New research raises hope of curing Alzheimer's disease


"Our ambition is to apply the method to humans in the foreseeable future," says Greta Hultqvist, researcher at Uppsala University, who with a new protein transporter has succeeded in stopping and reversing the development of Alzheimer's disease in mice.

Greta Hultqvist, Department of Pharmaceutical Biosciences
Greta Hultqvist, Department of Pharmaceutical Biosciences

114 years after the German psychiatrist Alois Alzheimer first described the dementia disease that bears his name, healthcare still lacks an effective treatment. The antibodies that have so far reached clinical trials do not seem to stop the smallest aggregates to occur when the amyloid beta peptide forms lumps in the brain - the first step in Alzheimer's disease. Now Greta Hultqvist, researcher in protein drug design, raises new hope with the launch of a method that breaks down even the smallest building parts before aggregation has even begun.

“The peptide hormone somatostatin, which activates the body's degradation of amyloid beta, has not been useable for treatments before. Partly because it disappears from the blood in a few minutes, partly because it lacks the ability to force the blood-brain barrier. Our group has now developed a protein that, in studies on mice, transports the somatostatin into the brain where it also remains active for several days, which are fantastic results,” says Greta Hultqvist at Uppsala University's Faculty of Pharmacy.

After five days of treatment, a 25 percent reduction of toxic aggregates was measured - including the smallest amyloid beta clumps which are generally considered to cause the most damage. The most obvious effect was found in the hippocampus, the part of the brain that creates memories and is first to be attacked during Alzheimer's disease. Now, the group is preparing a month-long treatment that is also expected to provide answers to how the immune system and memory function respond to the therapy.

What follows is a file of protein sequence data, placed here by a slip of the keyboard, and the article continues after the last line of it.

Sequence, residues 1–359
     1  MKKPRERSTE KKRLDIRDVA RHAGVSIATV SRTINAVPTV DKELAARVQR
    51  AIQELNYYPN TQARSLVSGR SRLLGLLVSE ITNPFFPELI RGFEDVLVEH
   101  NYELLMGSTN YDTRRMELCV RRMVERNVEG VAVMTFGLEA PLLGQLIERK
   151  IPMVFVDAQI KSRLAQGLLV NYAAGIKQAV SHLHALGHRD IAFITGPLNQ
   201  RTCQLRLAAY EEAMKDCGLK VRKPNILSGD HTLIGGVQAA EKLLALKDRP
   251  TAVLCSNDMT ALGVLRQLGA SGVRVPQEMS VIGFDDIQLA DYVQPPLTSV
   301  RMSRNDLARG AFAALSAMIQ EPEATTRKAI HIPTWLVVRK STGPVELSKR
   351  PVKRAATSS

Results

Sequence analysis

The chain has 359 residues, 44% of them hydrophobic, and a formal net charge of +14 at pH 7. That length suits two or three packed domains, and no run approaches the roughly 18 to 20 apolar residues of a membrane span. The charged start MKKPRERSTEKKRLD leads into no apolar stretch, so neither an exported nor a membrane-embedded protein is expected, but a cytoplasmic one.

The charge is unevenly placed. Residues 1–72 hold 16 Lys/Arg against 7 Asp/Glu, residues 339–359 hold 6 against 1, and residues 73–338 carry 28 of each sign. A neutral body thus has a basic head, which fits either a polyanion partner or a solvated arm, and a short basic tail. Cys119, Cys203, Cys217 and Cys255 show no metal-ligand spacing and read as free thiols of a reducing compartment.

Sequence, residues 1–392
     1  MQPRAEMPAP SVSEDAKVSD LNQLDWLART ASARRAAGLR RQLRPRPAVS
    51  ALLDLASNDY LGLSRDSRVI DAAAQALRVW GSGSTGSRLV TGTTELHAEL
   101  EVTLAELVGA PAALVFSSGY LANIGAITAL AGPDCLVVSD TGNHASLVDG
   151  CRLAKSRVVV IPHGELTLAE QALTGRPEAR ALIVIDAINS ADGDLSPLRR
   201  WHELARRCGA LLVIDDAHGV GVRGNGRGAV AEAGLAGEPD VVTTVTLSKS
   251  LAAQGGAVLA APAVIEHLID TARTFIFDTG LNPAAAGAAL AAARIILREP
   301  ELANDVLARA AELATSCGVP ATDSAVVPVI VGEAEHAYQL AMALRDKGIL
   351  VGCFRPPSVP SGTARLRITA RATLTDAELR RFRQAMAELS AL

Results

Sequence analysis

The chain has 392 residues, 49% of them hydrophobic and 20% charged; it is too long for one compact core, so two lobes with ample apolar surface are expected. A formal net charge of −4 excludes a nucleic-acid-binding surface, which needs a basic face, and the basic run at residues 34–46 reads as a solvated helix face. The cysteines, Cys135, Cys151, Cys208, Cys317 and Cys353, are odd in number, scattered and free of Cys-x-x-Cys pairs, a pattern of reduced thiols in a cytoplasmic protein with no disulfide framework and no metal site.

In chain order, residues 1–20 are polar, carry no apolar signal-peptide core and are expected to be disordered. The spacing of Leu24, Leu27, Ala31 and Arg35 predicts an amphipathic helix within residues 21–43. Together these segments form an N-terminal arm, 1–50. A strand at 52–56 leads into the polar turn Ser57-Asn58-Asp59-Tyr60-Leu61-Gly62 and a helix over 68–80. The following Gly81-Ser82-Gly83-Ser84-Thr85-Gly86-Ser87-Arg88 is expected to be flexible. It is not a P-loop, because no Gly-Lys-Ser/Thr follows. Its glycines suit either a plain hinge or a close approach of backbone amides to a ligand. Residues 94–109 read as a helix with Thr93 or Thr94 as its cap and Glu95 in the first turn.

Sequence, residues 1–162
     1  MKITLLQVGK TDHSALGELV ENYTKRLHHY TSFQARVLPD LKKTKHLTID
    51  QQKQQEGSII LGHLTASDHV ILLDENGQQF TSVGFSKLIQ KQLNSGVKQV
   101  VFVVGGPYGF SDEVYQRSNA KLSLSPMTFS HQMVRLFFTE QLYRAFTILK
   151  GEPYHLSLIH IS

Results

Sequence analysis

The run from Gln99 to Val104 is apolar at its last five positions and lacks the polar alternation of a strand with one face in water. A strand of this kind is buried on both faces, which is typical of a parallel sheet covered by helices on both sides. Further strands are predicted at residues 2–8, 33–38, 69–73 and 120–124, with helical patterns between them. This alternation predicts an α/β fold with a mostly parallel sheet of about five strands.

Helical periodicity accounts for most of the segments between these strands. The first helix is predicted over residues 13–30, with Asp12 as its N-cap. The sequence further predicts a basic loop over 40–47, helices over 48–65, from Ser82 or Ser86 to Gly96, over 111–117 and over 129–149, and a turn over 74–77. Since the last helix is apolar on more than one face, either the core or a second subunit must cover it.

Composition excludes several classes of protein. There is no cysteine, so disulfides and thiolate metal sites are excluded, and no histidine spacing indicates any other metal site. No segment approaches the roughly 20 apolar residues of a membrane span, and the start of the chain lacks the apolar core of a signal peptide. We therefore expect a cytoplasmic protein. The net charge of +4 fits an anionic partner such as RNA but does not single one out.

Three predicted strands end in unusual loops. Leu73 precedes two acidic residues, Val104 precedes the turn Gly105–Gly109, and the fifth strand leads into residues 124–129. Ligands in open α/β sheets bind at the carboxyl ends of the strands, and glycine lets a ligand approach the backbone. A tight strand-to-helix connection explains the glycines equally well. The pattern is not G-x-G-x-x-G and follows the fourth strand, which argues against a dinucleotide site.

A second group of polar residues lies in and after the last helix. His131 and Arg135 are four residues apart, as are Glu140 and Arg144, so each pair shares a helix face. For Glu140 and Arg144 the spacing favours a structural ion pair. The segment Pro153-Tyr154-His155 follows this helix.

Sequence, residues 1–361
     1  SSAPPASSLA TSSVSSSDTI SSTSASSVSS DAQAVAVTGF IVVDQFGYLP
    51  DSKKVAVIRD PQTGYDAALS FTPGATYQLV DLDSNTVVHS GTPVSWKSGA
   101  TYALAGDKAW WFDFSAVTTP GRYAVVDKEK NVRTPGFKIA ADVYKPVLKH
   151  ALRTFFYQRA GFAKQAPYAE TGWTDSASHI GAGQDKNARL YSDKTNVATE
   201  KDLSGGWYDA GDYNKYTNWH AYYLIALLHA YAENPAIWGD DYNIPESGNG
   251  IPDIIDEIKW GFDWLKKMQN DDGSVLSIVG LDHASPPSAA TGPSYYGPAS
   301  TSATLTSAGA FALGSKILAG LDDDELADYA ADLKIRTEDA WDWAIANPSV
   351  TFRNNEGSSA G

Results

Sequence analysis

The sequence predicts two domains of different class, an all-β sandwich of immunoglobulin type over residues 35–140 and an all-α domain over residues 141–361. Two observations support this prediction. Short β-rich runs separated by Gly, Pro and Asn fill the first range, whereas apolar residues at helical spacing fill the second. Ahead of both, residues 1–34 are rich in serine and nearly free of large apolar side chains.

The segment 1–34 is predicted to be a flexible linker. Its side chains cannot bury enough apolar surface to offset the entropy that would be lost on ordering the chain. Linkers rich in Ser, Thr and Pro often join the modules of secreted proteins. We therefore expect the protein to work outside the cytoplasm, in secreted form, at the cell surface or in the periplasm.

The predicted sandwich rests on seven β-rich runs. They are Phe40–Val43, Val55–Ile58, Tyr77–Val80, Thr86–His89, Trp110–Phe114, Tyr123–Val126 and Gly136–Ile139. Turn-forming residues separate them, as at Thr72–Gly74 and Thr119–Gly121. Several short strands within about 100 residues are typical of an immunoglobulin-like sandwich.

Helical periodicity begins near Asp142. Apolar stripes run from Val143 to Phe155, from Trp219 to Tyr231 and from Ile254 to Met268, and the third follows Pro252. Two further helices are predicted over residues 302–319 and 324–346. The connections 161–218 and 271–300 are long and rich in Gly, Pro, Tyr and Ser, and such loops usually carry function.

“Somatostatin works in the same way in humans as in mice, but before we take the step over to humans, we must modify our protein transporter. We still have a bit to go here, but work is in progress and our preliminary results look very promising,” says Greta Hultqvist.

Worldwide, an estimated 44 million people are living with Alzheimer's disease. With Finland being most severely affected, Sweden is in seventeenth place with just over 110,000 diagnosed cases. Globally, neurodegenerative diseases are currently the fastest growing cause of death, and the need for an effective treatment is acute. Thus, interest in the group's progress has been extensive since the study was first published in October 2020.

“The fact that the effect is concentrated in the hippocampus in particular indicates that the method will have a specific outcome with few adverse effects, which has been a major challenge in previous studies. When we presented our results at a scientific conference, the response was astounding. We are also receiving broad international media attention, which of course inspires. We will now continue our work hoping to, in the foreseeable future, lay the foundation for a treatment that both stops and reverses the development of Alzheimer's disease,” says Greta Hultqvist.

Illustration describing the research


• Alzheimer’s disease is named after Alois Alzheimer, a German psychiatrist and neuropathologist, who in 1906 became the first in the world to describe the disease.
• In Alzheimer's disease, the protein amyloid beta clumps together in aggregates that damage the brain's nerve cells.
• Damage to a sufficient number of brain cells causes impaired memory.

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Greta Hultqvist, Assistant Professor
Department of Pharmaceutical Biosciences

text: Magnus Alsne, photo: Mikael Wallerstedt

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Last modified: 2022-11-08